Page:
Non-24-hour sleep-wake disorder

Ahmer Ali MD (Dr. Ali of Northwestern University has no relevant financial relationships to disclose.)
Michael J Howell MD, editor. (Dr. Howell of the University of Minnesota received grant support from Apnex and GE and honorariums from Inspire as a panel member.)
Originally released November 22, 1993; last updated May 12, 2017; expires May 12, 2020

This article includes discussion of circadian rhythm sleep disorder: non-24-hour sleep-wake disorder, circadian rhythm sleep disorder: nonentrained type, hypernychthemeral syndrome, non-24-hour sleep-wake rhythm disorder. The foregoing terms may include synonyms, similar disorders, variations in usage, and abbreviations.


The author describes the pathophysiology and treatment of this relatively rare but potentially debilitating circadian rhythm sleep disorder. Although found primarily in blind individuals, it can also be seen in individuals with normal sight, and is characterized by alternating periods of insomnia and excessive daytime sleepiness. This treatable disorder is thought to be caused by an impaired ability to respond and/or decreased exposure to daily entraining signals, including light, resulting in a “free-running” sleep-wake cycle that is alternately in and out of phase with the desired sleep period. New treatment options are being developed, such as sustained-release melatonin agonists, to provide additional treatment options for this disorder. This review highlights basic circadian biology in the context of this unique medical disorder.

Key points


• Non-24-hour sleep-wake disorder consists of progressive, relentless cyclic delay of sleep and waking times as an individual's circadian pacemaker does not entrain to a 24-hour cycle.


• This disorder should be suspected in any blind individual with sleep complaints.


• It is rare but increasingly recognized in sighted individuals, in whom it may be secondary to premorbid psychopathology or evolve from delayed sleep phase disorder.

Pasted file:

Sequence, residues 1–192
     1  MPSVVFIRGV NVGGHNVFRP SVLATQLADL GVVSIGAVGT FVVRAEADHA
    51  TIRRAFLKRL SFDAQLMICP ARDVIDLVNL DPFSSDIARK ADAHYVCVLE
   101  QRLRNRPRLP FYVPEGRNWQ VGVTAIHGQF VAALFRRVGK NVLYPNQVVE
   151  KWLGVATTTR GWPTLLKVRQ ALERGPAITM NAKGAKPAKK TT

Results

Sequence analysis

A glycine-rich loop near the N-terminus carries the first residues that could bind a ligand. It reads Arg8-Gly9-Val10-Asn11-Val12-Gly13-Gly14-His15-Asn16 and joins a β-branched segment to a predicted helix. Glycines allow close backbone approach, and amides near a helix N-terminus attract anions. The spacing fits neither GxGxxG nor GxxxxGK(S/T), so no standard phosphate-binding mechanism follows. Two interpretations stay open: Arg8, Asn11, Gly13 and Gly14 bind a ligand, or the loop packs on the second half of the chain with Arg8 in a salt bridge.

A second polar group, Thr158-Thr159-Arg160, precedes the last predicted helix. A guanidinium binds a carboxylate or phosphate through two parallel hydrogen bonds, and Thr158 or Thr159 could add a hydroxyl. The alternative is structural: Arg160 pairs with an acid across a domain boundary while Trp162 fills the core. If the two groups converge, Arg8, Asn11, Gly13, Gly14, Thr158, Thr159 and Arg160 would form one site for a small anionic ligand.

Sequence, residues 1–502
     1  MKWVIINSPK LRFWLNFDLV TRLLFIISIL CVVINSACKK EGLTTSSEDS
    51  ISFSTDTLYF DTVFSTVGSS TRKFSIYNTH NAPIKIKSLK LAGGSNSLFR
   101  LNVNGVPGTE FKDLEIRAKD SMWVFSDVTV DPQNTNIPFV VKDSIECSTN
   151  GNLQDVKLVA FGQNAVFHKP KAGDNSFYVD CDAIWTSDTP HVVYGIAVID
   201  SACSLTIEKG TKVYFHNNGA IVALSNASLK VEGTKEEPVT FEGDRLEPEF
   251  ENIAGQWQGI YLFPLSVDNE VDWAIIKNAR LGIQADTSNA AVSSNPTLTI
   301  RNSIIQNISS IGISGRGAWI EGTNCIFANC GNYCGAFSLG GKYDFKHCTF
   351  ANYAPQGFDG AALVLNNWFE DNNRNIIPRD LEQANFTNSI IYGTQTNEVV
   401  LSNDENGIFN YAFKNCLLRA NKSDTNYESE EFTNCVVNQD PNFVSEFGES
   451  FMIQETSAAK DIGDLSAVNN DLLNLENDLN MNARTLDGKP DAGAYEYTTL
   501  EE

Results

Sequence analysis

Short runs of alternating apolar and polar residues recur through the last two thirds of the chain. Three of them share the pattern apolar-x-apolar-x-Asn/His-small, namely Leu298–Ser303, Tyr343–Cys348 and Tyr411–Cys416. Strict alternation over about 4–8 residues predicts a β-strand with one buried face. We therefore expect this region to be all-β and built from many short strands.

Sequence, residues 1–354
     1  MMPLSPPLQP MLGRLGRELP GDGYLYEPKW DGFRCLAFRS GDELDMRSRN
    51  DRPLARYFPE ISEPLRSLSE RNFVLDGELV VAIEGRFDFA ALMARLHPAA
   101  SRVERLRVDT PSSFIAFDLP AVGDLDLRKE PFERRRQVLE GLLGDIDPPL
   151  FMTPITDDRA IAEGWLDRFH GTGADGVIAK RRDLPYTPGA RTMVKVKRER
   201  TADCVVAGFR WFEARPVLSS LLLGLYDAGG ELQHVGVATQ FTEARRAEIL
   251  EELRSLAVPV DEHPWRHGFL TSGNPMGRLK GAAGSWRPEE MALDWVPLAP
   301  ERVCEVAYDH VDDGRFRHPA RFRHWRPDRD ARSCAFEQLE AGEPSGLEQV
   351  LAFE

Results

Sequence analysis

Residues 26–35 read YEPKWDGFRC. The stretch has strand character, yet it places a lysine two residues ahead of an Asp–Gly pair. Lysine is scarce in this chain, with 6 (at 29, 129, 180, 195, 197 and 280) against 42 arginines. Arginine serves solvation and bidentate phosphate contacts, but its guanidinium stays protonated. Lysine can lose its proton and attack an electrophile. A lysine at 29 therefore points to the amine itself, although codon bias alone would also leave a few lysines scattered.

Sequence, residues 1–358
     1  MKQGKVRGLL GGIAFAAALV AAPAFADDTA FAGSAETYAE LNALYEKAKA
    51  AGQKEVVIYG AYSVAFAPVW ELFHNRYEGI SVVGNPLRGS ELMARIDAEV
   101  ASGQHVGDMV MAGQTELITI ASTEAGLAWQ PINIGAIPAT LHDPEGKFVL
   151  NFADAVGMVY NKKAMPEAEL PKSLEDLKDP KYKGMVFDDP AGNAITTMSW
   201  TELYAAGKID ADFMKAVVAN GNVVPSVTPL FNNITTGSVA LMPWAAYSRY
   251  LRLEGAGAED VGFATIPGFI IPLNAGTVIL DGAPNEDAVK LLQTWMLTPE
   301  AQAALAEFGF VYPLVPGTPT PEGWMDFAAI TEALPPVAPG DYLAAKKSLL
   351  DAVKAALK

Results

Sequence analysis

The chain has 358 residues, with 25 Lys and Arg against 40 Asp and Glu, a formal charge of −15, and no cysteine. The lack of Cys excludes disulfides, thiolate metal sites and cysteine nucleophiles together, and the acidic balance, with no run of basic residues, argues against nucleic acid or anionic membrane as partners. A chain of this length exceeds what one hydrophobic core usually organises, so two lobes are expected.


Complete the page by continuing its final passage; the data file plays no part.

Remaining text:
• In blind individuals, this disorder is frequently responsive to melatonin or melatonin receptor agonist therapy.


• In sighted individuals, treatment is more challenging and often depends on targeting multiple zeitgebers.

Historical note and terminology

The non-24-hour sleep-wake disorder (N24SWD), formerly labeled as free-running circadian rhythm sleep disorder and non-24-hour sleep-wake syndrome prior to that, is also known as the "hypernychthemeral syndrome." Nychthemeron is the Greek term for "a night and a day," ie, a single 24-hour cycle of light and darkness. Therefore, "hypernychthemeral" means greater than 1 night and 1 day and refers here to the longer-than-24-hour sleep-wake cycles of patients with the non-24-hour sleep-wake syndrome. The first report of a person with this disturbance was published in 1971 (Eliott et al 1971). The second report, of a blind man living in community, was reported in 1973 (Miles et al 1973). A sighted person with non-24-hour sleep-wake syndrome was described in 1978, and the authors coined the term hypernychthemeral rhythm (Kokkoris et al 1978).

Throughout this topic, the current formal name established in the 3rd edition of the International Classification of Sleep Disorders, which is non-24-hour sleep-wake rhythm disorder, will be used; other common names are nonentrained or free-running disorder (American Academy of Sleep Medicine 2014).

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